Obviously, any corporation hopes not to face “situations causing a significant business disruption which stimulates extensive media coverage” (crisis). The public scrutiny that is a result from this media coverage often affects the normal operations of the company and can have a (negative) financial, political, legal and governmental impact. Substantial value destruction is to be feared of, especially when the crisis is not handled well in the perception of the media / public opinion. Crisis management deals with giving the right crisis response (precautionary, structural and ad-hoc).
Some generic help and hints on crisis management
1. Prepare contingency plans in advance (crisis management team and members can be formed at very short notice, rehearsing of crises of various kinds)
2. Immediately and clearly announce internally that the only persons to speak about the crisis to the outside world are the crisis team members)
3. Move quickly (the first hours after the crisis first breaks are extremely important, because the media often build upon the information in the first hours)
4. Use crisis management consultants (advice by objectivity of PR consultants is important, use the corporate image expertise of specialists)
5. Give accurate and correct information (remember that trying to manipulate information will seriously backfire if it is discovered, also internally!)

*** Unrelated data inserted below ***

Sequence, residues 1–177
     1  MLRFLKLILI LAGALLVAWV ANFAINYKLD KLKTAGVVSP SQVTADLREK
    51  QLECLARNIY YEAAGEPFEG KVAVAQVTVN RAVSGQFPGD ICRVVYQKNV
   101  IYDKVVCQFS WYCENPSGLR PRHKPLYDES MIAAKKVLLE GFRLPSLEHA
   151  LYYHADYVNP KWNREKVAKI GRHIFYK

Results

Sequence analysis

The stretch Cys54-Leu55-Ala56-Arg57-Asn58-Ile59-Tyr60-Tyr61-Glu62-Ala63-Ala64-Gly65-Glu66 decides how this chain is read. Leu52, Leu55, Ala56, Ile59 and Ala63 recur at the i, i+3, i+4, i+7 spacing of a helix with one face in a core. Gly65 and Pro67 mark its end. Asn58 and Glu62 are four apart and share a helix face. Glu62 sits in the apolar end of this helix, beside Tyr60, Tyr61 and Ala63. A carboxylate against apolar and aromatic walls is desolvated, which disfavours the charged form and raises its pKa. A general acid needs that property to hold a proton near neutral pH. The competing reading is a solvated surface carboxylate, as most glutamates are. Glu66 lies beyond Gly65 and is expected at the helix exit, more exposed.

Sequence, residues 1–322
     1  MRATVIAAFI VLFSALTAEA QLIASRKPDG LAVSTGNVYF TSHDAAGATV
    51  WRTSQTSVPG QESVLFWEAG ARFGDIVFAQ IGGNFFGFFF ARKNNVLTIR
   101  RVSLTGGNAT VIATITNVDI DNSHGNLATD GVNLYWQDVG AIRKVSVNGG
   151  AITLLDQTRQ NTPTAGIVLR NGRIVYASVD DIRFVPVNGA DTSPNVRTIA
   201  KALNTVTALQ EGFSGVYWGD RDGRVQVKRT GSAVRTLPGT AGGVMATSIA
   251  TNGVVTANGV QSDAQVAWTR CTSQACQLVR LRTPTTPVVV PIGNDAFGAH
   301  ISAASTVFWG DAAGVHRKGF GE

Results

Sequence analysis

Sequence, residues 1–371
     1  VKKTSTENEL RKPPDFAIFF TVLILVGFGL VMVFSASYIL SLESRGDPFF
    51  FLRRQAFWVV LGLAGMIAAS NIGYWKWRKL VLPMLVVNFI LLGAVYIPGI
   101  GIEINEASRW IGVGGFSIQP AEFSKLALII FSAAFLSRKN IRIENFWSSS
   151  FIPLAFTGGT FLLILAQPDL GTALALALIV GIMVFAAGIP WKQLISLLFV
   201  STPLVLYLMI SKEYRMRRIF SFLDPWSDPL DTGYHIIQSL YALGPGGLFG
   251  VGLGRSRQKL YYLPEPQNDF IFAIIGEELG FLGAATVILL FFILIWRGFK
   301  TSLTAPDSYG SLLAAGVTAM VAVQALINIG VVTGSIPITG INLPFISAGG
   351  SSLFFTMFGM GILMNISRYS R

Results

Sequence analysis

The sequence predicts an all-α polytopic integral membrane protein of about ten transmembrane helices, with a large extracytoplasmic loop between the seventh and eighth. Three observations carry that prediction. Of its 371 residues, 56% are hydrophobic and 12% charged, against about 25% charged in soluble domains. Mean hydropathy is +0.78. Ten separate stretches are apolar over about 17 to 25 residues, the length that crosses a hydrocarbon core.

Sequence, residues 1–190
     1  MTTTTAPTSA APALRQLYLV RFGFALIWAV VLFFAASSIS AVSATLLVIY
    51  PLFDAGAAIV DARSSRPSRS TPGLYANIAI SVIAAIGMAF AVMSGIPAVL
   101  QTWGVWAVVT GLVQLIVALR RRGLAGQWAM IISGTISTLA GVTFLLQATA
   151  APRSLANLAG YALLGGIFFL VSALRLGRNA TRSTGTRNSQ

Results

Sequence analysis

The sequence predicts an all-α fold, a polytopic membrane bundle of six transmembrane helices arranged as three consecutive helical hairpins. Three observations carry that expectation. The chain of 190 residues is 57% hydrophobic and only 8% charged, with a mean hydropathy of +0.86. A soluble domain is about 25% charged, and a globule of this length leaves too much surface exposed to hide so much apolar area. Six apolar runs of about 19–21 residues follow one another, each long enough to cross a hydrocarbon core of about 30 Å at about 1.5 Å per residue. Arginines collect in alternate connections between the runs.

6. When deciding upon actions, consider not only the short-term losses, but focus also on the long term effects.
Executives at all levels of the organization are employed to manage crises and often do so on a daily basis. Their skills are really tested when they have to manage significant crises that have the potential to disrupt the organization’s value creation process, income sources, operating expenses, stock price, competitive position and ongoing business.
The most effective crisis management occurs when potential crises are detected and dealt with quickly – before they can impact the organization’s business. In those instances they never come to the attention of the organization’s key stakeholders or the general public via the news media.
Creating a Business Continuity Plan
In instances where the crisis already has erupted, or it is inevitable the crisis will impact the organization’s key stakeholders, a business continuity plan is helpful to minimize the disruption and damage. Developing such a plan can seem like a daunting task, but in actuality it is a common-sense document. It involves identifying those functions and processes that are critical to the business, then designing the operational and communications contingency plans to deal with the potential failure of one or more of them and how key stakeholders will react when they find out. An important element that is sometimes overlooked is to test the Business Continuity Plan.
Corporations with business continuity plans will be in a better position to minimize the business impact and financial damage. On top of that, executives may find that the process of developing these plans also has an indirect benefit. Their organizations are more sensitive to possible crisis situations that could disrupt the business and affect its operating expenses, profits and overall growth. As a result their managers respond more rapidly and effectively to head them off.
Book: Laurence Barton – Crisis in Organizations II
Book: Steven Fink – Crisis Management: Planning for the Inevitable